Ham­mers sup­port­ers dump team


LON­DON STA­DIUM: They came in their thou­sands, re­splen­dent in their claret and blue club replica jer­seys de­ter­mined to back their team to vic­tory over Tot­ten­ham Hot­spur.

But West Ham United fans are clearly not a faith­ful lot, for when their team con­ceded two goals within a space of four min­utes late in the first half, they started mak­ing their way out of the sta­dium.

Un­like lo­cal fans back home who would have en­thu­si­as­ti­cally ges­tic­u­lated with their hands to show that their team would stage a come­back or even call for the sub­sti­tu­tion of the player they felt was re­spon­si­ble for their team go­ing down, the Ham­mers sup­port­ers who streamed out of the sta­dium seemed to see no hope for their side.

A pretty strange re­ac­tion ac­tu­ally from a group that had dis­played such pas­sion for their team prior to kick off and even dur­ing the early ex­change of a match that seemed del­i­cately bal­anced un­til Harry Kane struck twice.

A cou­ple of hours be­fore the mid-day kick­off match, they had milled around this mag­nif­i­cent arena that hosted both the 2012 Olympics as well as this year’s IAAF World Cham­pi­onships.

And when they fi­nally got into the sta­dium, they sang heartily; cheered with gusto at the men­tion of each of their player’s name as the sta­dium an­nouncer read out the start­ing line-up while jeer­ing and boo­ing those of the op­po­si­tion. At­tempts by the Spurs fans make their voices heard they tried to sing proved vain as the home crowd to as in drowned them out in song.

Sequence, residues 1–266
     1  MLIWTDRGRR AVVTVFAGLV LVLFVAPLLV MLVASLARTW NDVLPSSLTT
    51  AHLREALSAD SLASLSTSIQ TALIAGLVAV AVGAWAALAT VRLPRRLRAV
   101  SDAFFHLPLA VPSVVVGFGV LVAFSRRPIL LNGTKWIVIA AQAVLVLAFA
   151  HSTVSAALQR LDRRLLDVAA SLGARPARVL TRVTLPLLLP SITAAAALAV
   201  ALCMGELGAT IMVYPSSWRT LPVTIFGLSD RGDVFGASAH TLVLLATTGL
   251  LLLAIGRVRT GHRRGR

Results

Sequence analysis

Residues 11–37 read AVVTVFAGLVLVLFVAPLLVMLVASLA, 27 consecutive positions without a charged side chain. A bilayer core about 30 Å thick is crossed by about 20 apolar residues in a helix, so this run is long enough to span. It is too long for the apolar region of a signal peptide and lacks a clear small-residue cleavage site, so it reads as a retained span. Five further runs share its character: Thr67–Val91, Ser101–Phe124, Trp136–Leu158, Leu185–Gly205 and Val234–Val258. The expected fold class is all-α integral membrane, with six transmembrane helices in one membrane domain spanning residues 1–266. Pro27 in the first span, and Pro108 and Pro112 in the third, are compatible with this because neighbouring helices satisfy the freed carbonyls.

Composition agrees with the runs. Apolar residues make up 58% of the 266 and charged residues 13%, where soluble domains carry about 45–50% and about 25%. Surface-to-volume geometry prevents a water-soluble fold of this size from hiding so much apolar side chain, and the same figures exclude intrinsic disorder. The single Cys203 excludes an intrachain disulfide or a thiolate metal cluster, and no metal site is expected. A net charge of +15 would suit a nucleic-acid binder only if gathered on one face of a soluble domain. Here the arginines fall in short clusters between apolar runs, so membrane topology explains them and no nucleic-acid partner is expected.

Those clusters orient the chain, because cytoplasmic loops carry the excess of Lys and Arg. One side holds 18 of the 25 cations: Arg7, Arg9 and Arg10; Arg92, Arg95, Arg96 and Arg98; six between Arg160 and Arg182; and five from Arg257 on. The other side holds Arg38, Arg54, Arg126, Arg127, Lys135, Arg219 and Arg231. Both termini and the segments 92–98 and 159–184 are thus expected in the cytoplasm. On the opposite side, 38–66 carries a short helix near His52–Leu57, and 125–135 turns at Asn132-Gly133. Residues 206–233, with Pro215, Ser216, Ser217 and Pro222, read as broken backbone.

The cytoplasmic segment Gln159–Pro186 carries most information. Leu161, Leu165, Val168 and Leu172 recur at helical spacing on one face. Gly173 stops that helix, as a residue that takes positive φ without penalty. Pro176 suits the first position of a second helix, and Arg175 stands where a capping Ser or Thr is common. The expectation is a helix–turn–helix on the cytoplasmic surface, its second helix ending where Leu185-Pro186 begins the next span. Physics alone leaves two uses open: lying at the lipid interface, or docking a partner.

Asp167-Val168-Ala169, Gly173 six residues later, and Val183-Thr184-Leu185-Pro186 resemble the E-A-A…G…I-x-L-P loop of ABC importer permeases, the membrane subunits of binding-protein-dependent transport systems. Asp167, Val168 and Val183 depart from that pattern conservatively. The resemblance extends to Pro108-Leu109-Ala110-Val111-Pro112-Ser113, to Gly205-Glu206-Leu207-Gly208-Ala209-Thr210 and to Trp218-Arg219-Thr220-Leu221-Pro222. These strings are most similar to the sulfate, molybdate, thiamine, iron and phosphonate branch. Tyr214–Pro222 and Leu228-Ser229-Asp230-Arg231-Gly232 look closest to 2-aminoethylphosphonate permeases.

De­ci­sions that went against their club were met with de­ri­sion while pos­i­tive moves from the likes of Chi­car­ito got them on their feet cheer­ing. And then it all went pear-shaped as Kane slot­ted home the opener.

While they sat stony si­lenced af­ter the first goal, the strike seemed to gal­vanise them to egging their play­ers on some more. The sec­ond, how­ever, proved too much to take for many as they stood up and headed for the exit.

One fa­ther pulled his re­luc­tant son by the hand down the stairs while a group of fans who had ear­lier chanted with pas­sion shouted un­print­a­bles as they made their exit.

The die-hard who re­mained did their all to en­cour­age their team to a come­back.

But it was all soon a no con­test as Chris­tian Erik­sen made it 3-0.

An­other ex­o­dus of the West Ham fans en­sued and the 3 000 or so Spurs fol­low­ers dom­i­nated the arena with song.

Those who stayed be­hind were given some­thing to cheer about though as Chi­car­ito headed in a con­so­la­tion goal, or was it the be­gin­ning of a great turn­about?

With about 25 min­utes still to play, hope sprang eter­nal among the Ham­mers faith­ful.

And then Spurs Serve Aurier gets sent off for a sec­ond book­able of­fence to raise that hope a notch fur­ther up.

That the sta­dium did not crum­ble when Cheikhou Kouy­ate scored four min­utes from time spoke vol­umes of the qual­ity of the ar­chi­tec­ture – the stomp­ing was that pow­er­ful.

In the end, those early Kane goals had done the trick for Spurs. Yet the West Ham faith­ful who stayed left proud of their team’s fighting spirit.

# Sun­day EPL Match Su­per­sport

Brighton v New­cas­tle SS3 on

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